- Be creative in your processing techniques and try out lots of new ideas.
- Learn from other people to find out how they create their images. The Internet can be helpful too, but beware — much of the information in online discussion forms can be misleading or just plain wrong.
Cole’s grasp of the technical aspects of astrophotography comes naturally. He’s an engineer for JASCO Applied Sciences, an underwater acoustics company that measures the exact amount and impact of sound for environmental reviews of offshore and other projects.
He’s also worked as a systems engineer at MDA Corporation, a communications company that specializes in satellite technology and robotics. MDA’s projects have included the Canadarm on the International Space Station and the Earth observation satellites RADARSAT-1 and 2.
“I’ve always been interested in all kinds of sciences — biology, physics, math, astronomy, the whole thing,” Cole said. “I used to read encyclopedias for fun when I was a kid!” (Courtesy of his mom, who bought an entire set from a door-to-door salesman.)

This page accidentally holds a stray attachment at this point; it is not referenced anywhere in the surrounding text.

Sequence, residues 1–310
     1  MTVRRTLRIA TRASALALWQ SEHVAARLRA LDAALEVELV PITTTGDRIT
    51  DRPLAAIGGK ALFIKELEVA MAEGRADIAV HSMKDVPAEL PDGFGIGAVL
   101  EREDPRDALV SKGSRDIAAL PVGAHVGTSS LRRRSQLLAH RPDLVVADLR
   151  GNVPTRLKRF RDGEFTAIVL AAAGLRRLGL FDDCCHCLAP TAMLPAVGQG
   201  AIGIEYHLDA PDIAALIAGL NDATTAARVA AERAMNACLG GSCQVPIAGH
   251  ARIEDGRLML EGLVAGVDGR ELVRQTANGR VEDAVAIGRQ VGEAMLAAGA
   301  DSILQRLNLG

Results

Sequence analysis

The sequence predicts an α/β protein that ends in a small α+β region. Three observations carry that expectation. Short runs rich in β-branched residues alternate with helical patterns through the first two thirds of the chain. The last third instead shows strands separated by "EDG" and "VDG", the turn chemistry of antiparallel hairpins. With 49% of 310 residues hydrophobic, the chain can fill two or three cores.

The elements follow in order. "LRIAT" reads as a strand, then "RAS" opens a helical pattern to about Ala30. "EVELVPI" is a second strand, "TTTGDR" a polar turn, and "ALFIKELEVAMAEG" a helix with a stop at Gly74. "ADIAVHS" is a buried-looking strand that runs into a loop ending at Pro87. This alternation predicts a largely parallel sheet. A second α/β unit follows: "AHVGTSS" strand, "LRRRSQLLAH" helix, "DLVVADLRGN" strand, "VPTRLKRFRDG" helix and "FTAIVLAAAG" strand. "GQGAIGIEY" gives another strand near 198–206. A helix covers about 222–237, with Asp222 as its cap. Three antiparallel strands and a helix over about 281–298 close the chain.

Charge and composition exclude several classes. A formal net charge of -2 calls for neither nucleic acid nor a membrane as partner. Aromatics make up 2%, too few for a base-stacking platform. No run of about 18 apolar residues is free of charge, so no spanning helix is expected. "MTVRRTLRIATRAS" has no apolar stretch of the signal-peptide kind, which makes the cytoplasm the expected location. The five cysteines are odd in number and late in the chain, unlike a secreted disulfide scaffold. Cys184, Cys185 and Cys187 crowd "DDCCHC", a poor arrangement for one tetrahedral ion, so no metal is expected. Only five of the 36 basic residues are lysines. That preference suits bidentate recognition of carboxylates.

Not surprisingly, he’s put his engineering and design skills to good use as an astrophotographer. He designed his own bracket (see photo above) to attach his iPhone to his telescope, which in fact sparked his interest in astrophotography several years ago. He wrote an article for Sky and Telescope's February 2013 issue about the project, which in turn led to an invitation from Mount Wilson observatory near Los Angeles to experiment with the iPhone bracket on the venerable 60-inch telescope.
Besides possible upgrades in equipment (“there’s always the appeal of better cameras”), Cole doesn’t foresee any big changes in how he captures his celestial portraits.
When he started out in astrophotography, he figured he’d be able to image three deep-sky objects a night. Not so much.
“You might do three nights per object. At this rate, I’m never going to run out of stuff to take pictures of. I just really enjoy it.”
This article was originally published on the Local Xpress news website. (www.localxpress.ca)